A Lesson in Brand Marketing from James Blunt

James BluntLast week James Blunt gave me a lesson in brand marketing. I might not have realised just how good he is at marketing, if I hadn’t seen Alfie Boe a year ago to compare him with.

The story begins a couple of years ago. My wife and I have enjoyed James’ music for many years but we had never seen him live in concert so we decided that the next time he toured, we’d try and get tickets. I figured the best idea would be to join his email list in the hope of getting a heads up. This worked and in fact I was able to take advantage of fans’ priority booking to get some excellent seats.

Okay, it was a means to an end but following James meant I got an insight into his marketing strategy.  He doesn’t post regularly but he does let you know when he has a new video or other significant news and he does it in a very conversational way (or possibly some PR person does). The point is, he clearly has a rapport with his fans and does a lot to cultivate it.

Which brings me to his concert. First off, the support was recommended by a fan- James hadn’t seen them himself. Then James Blunt himself- not acting like a big star, more like an old friend.  Lots of singing along, even to songs on his brand new album. It was like a family get together. Many brands can only dream of this kind of connection.

He gave us the old favourites like You’re Beautiful and Goodbye My Lover. He joked about how miserable his songs are. He treated us to his new album Moon Landing which is his best yet, as sad (and occasionally happy) and melodic as the previous ones, only more mature. I doubt there is a better singer-songwriter among his generation. If you think you don’t like James Blunt, try Bonfire Heart, a perfect love song.

The marketing point is, he doesn’t try to be everything to everyone. He knows what he’s good at and ploughs that furrow brilliantly. He accepts that there are many people out there who hate him and his music. He laughs about it because he knows that enough people like him to keep him in the top ten and make him a multi millionaire.

Now I’m not saying this is a deliberate marketing tactic but it’s one that works. The best brands stick to what they’re good at and only change subtly, if at all. Think of BMW or Kelloggs.  Remember what happened to Coca Cola when they changed the formula? The outcry that followed saw them beat a hasty retreat.

On the other hand, an occasional new product or a little tweek can keep a brand fresh. Just as Marmite had a huge marketing success by exploiting the way people apparently love or hate it, so it is with James Blunt. Stuck with an image of being posh, wet and miserable, he nows exults in it by responding to abusive tweets with witty and often coarse rejoinders which are the talk of the Twittersphere. As a result, his following has soared to 800,000 (to add to his six million Facebook likes) and people who might hate his singing now think he’s a good bloke. Here’s a clean example. He retweets the insult ‘My dog could do better’ and adds the comment ‘Then your dog should try harder.’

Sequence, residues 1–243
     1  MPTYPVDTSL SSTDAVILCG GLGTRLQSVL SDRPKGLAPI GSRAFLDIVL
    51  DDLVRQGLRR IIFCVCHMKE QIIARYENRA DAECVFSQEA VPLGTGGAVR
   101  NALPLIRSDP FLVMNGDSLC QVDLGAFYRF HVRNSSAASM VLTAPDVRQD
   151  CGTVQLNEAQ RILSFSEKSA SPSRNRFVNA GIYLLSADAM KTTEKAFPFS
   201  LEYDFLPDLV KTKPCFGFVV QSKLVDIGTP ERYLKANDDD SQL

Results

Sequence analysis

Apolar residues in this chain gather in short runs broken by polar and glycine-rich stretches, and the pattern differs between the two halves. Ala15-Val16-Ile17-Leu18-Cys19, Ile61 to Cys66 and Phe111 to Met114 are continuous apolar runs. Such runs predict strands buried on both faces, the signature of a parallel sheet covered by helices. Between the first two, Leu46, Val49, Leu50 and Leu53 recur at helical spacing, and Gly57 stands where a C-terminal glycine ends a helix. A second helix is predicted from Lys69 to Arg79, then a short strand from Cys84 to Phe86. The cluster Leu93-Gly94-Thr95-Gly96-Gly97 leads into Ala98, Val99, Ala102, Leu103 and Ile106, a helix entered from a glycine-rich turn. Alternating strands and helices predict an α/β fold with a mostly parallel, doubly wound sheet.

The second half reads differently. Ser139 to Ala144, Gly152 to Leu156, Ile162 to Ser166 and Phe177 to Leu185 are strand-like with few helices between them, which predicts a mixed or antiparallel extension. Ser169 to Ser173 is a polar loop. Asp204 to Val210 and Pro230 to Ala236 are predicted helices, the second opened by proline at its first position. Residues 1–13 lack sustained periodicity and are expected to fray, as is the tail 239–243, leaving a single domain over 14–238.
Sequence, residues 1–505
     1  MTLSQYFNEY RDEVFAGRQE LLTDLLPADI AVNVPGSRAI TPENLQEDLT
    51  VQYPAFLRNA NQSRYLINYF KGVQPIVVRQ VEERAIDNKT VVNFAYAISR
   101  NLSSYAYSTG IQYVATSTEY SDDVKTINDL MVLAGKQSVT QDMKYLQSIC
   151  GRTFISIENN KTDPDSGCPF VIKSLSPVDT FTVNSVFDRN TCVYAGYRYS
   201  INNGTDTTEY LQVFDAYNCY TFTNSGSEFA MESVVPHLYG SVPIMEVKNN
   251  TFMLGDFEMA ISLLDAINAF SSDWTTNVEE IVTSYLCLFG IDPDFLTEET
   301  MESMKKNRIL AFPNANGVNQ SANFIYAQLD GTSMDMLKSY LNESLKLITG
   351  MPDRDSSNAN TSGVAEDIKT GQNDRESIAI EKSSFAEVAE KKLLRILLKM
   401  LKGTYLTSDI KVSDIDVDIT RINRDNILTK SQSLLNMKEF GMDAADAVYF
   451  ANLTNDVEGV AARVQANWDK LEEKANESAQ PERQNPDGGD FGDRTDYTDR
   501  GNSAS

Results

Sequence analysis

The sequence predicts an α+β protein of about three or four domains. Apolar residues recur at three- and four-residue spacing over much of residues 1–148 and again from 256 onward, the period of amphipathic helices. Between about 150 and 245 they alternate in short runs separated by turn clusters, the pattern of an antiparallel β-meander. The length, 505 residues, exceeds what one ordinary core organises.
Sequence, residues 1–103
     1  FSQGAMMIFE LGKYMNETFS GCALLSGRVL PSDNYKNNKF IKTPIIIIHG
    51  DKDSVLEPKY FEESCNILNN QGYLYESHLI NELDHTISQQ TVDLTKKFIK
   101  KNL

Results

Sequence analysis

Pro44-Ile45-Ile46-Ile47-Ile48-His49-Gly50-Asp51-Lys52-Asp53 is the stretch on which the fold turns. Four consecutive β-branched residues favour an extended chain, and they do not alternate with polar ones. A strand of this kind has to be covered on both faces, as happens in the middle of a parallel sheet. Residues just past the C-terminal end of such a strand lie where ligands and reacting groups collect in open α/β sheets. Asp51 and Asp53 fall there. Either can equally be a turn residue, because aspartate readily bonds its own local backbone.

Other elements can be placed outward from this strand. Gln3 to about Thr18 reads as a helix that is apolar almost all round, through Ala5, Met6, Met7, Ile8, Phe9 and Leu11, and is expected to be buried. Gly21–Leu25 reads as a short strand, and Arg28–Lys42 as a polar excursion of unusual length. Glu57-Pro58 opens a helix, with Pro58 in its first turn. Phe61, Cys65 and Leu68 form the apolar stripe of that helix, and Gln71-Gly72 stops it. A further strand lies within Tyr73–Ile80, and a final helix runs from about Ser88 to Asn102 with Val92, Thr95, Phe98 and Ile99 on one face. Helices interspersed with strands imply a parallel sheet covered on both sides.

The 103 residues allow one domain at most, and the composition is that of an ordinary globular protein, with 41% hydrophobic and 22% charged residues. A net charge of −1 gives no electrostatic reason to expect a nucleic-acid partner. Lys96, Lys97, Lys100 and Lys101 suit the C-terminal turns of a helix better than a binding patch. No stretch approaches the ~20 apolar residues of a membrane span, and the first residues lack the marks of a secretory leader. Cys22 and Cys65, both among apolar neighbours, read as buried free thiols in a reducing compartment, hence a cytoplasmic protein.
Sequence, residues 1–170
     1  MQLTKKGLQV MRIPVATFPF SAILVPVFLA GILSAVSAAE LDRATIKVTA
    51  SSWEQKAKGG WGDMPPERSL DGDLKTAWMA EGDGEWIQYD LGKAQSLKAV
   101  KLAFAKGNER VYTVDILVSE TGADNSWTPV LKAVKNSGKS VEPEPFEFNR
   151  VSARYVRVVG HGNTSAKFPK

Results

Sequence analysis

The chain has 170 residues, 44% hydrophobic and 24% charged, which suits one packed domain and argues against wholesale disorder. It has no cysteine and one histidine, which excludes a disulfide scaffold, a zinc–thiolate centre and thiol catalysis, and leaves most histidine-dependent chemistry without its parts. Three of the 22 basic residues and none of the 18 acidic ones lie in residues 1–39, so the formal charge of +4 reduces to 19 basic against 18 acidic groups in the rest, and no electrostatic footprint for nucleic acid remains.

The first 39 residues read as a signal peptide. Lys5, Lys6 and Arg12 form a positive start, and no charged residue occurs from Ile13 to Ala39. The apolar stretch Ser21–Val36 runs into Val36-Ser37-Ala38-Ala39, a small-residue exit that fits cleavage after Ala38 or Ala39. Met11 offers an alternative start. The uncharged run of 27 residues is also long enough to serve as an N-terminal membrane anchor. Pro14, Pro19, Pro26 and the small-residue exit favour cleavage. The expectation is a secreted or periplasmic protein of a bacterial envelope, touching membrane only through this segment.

And so to Alfie Boe. We went expecting the Alfie we know and love but instead of the outstanding operatic singer of Nessun Dorma and Les Miserables, we got an average country rock singer. I understand that he may feel caught in the operatic genre. We all feel trapped sometimes and want to try something different. But I paid to see the Alfie Boe I knew. So did most of the audience judging by the fact that when he returned briefly to his operatic singing and performed Bring Him Home, he got the biggest reaction of the evening.

The result is, I wouldn’t go see him again and I wouldn’t recommend him. Unless he follows the example of Coke and goes back to what made his name. Better still, he should have a word with James Blunt.

This blog was written by Paul Seven Lewis, owner of the marketing consultancy Seven Experience and former Head of Marketing and Operations at The Mayflower Theatre. You can connect with him on Google+ and LinkedIn. A version appeared on the Daily Echo website.

It’s All About You

You are important and you know it. But does the person trying to sell you something know it?

One of the basic lessons of marketing is ‘sell benefits not features’. In other words, tell the customer what’s in it for them. Yet how often do you receive an email, letter, tweet, flier or even a personal call that fails to tell you why you should buy? You can probably find any number of examples that don’t even use the word ‘you’.

Here’s an example from the world of theatre: ‘This show is unmissable.’ OK but why shouldn’t you miss it? What particular rvalue will be added to your memories were you to have this experience? What empty hole will there be in your life if you choose not to see the show?

Maybe it’s a moving play. So you’ll very likely be crying at the end. Better bring tissues.

Maybe it’s a funny play. So you’ll be laughing. Better bring an oxygen supply in case you can’t get your breath.

Maybe it’s a musical full of hits. So you’ll be tapping your feet, clapping along, dancing in the aisles, reliving your youth. Better bring a defibrillator.

The fact that it’s an award winning, long running, critically acclaimed work of genius is very reassuring but so are any number of shows you wouldn’t dream of seeing.

A survey found that the word most commonly used in tweets that were retweeted was ‘you’. Copy- even if it’s only 147 digits- should tell you a story in which you are the star. That story should describe vividly what will happen to you when you go to see that particular show. It should fire your imagination.

If at the end of the story, you say that’s not for me, at least you’ve made an informed decision. Think of all the potential customers like you who never even started on the journey because they were given a list of features and couldn’t be bothered trying to work out the answer to the most important marketing question: what’s in it for you?